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IPPR - Neighbourhood projects offer opportunity to green Britain's households

Communities working together are more likely to encourage reduced domestic energy use and increase the popularity of renewable energy technologies than individual green pioneers or even government campaigns.

The finding comes from IPPR’s independent assessment of the British Gas Green Streets community challenge, an initiative which saw 14 communities receive funding and expertise to install micro-generation and energy efficiency measures in households and community buildings.

IPPR’s report, ‘Green Streets: Strong Communities’, is based on an analysis of more than 400 houses and 30 community buildings, and interviews with around 1,300 individuals across the country. The results show that a “multiplier effect” was felt within communities involved in the Green Streets projects once low-carbon technologies such as solar panels were installed on visible buildings. Interest in energy saving and technologies increased when they were seen to be having a positive effect in the local area.

Of those householders who lived near to and had heard of a Green Streets project:

  • 61 per cent said they would be more likely to take action on energy efficiency and renewable energy in the future as a result of hearing about the project
  • 46 per cent have been inspired and have already taken action on energy efficiency and renewable energy as a result. Of these:

         – 50 per cent said they had been inspired to take action on insulation as a result

         – 23 per cent said they had been inspired to install a new boiler as a result

         –11 per cent said they had been inspired to install solar panels on their property as a result.

While some of the householders became involved out of a desire to make a difference to climate change, most said helping their local area was their main motivation. 

Andrew Pendleton, IPPR’s Associate Director for Climate Change, Transport and Energy said:

“Communities have until now been overlooked in the fight against climate change. IPPR's evaluation of the Green Streets challenge shows how a wide variety of different groups can take often simple energy-saving technologies and turn them into highly effective tools for engaging many hundreds of local people. This is the first time a study of this kind has shown clearly just how powerful the message can be if it's being carried right to people's doorsteps by neighbours they know and trust.”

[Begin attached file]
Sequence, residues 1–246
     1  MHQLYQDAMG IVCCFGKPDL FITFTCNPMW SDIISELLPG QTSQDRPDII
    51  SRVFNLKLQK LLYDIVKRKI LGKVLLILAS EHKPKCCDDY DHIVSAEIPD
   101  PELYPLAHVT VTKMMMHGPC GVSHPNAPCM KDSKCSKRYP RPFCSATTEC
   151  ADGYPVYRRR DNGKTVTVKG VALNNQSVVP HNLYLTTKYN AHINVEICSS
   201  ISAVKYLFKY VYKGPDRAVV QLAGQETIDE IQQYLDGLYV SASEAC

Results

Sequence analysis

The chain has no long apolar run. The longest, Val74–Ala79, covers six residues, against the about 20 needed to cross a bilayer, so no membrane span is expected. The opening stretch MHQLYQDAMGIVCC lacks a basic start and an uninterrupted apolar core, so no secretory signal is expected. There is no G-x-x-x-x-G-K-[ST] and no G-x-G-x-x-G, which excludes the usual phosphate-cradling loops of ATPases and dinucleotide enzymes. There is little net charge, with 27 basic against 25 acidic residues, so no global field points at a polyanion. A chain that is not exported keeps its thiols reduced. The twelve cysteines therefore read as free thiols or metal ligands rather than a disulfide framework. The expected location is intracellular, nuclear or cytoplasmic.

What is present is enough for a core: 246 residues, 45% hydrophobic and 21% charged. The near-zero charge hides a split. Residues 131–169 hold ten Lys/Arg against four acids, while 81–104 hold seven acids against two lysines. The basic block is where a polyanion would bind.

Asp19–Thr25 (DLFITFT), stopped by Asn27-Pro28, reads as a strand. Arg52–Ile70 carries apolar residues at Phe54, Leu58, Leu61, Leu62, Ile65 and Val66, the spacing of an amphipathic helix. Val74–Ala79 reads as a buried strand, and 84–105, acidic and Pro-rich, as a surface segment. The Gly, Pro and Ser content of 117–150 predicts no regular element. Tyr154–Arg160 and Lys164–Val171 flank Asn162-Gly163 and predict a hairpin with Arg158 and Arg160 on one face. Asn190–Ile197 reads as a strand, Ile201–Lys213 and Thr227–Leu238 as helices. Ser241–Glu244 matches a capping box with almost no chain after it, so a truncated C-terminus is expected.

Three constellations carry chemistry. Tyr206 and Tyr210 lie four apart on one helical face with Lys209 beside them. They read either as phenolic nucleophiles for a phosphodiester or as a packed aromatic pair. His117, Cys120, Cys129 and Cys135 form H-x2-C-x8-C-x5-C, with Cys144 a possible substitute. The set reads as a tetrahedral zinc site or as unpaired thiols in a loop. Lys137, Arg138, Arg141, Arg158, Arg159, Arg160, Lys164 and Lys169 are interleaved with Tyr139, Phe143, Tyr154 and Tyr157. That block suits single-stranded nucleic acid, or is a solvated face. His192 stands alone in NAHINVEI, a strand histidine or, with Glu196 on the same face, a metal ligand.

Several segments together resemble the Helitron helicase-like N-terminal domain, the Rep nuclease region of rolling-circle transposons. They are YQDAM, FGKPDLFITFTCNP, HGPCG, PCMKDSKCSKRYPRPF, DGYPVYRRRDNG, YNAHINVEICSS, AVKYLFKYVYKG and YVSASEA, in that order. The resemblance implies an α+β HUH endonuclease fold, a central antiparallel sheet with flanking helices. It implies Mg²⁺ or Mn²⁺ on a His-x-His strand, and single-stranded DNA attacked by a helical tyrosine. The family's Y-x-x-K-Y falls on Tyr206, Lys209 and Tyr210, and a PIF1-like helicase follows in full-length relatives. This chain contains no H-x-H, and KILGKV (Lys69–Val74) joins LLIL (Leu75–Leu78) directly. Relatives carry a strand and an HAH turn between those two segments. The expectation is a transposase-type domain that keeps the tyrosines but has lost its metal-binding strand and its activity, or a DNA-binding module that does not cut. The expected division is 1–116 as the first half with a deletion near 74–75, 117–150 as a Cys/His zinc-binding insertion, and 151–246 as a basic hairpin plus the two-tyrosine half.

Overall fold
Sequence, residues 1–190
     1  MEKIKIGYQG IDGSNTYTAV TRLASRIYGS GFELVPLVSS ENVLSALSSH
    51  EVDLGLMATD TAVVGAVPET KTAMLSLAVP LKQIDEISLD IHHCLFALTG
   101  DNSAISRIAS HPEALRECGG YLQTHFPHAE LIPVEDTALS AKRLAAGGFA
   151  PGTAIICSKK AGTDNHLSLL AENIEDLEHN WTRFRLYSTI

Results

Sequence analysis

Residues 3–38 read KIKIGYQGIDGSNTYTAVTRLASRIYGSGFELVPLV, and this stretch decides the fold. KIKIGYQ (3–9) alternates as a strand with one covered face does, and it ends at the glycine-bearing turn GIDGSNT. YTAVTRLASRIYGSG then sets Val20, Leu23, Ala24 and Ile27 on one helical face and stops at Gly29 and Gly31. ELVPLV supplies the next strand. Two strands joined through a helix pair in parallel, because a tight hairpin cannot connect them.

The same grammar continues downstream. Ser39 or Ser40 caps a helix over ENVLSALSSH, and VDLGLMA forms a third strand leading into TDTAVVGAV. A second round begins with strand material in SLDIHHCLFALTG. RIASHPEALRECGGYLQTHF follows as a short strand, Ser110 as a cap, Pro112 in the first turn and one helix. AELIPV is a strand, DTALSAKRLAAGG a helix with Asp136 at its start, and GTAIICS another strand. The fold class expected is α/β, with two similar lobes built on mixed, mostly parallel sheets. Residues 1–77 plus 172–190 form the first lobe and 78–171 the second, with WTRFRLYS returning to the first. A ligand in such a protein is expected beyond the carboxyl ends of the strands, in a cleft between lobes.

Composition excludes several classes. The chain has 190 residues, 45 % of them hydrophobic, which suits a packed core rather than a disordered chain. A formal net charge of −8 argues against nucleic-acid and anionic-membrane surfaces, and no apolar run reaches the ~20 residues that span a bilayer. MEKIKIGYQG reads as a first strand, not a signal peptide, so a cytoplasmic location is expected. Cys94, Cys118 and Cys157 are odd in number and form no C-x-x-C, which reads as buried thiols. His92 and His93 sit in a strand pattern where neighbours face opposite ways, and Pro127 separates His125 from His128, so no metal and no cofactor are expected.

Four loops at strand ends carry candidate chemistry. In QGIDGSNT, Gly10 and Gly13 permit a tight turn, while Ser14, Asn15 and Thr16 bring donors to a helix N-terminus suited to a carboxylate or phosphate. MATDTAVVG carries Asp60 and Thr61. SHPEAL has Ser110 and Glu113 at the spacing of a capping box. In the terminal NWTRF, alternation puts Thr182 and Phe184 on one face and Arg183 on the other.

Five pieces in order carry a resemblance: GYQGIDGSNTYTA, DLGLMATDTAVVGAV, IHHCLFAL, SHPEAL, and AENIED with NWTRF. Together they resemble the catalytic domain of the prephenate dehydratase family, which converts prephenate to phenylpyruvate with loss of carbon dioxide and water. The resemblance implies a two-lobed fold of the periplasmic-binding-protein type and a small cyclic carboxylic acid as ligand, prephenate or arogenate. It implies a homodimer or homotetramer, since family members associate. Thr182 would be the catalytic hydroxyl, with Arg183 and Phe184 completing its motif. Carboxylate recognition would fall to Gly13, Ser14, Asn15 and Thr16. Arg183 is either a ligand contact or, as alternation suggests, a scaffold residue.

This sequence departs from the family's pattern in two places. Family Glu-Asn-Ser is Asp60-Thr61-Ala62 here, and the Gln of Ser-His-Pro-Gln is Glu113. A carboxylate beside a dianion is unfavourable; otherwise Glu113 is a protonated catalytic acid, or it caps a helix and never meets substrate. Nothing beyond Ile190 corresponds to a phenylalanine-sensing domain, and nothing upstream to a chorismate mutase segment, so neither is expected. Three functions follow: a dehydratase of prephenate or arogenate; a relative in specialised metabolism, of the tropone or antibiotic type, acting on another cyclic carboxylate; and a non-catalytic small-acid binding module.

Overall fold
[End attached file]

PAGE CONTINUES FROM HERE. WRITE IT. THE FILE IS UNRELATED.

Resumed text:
However, IPPR's report also warns that communities face major hurdles when they set out to establish energy projects and argues that changes in government policy are needed to help ensure some of these do not prove insurmountable. 

  • Community groups themselves need time and a variety of different skills and have to become experts in energy generation and saving
  • Community groups need finance to get projects off the ground and to purchase technology and install energy efficiency measures. (Once purchased the financial benefits to the groups can be considerable – but these benefits cannot be realised if the groups lack up-front cash.)
  • The UK has the least energy efficient housing stock in Europe, with solid walled properties, such as Victorian terraced houses, posing a major problem. Solid wall insulation is costly and undesirable to many householders and yet without this measure installing renewable technology may not be cost effective
  • A lack of knowledge and incorrect perceptions by planners and local councillors can affect planning decisions and make it difficult to get micro-gen installed.

To overcome these barriers and help unleash the potential of community energy, IPPR recommends that:

  • Capital funds for community energy should be derived from private sources through a proposed ‘community energy fund'
  • Government, national and local, should make loan capital available at concessional rates
  • Government should provide ex ante impartial technical advice on micro-gen to communities to ensure cost-effective and satisfactory deployment
  • Government should launch a solid wall insulation competition to challenge academic and private sector innovators to come up with 'breakthrough' technological solutions
  • Government should fund an educational outreach programme on renewables for planning officers and local councillors.

Notes to editors

  1. Download ‘Green Streets: Strong Communities’
  2. Llangattock, a village in the Brecon Beacons, has been named the winner of the British Gas Green Streets Challenge. It beat 13 other communities in the final stage of the competition and has won £100,000 to spend on additional greening measures. For more details on the Green Streets Challenge go to


Tim Finch, Director of Communications: / 0207 470 6110 / 07595 920 899 

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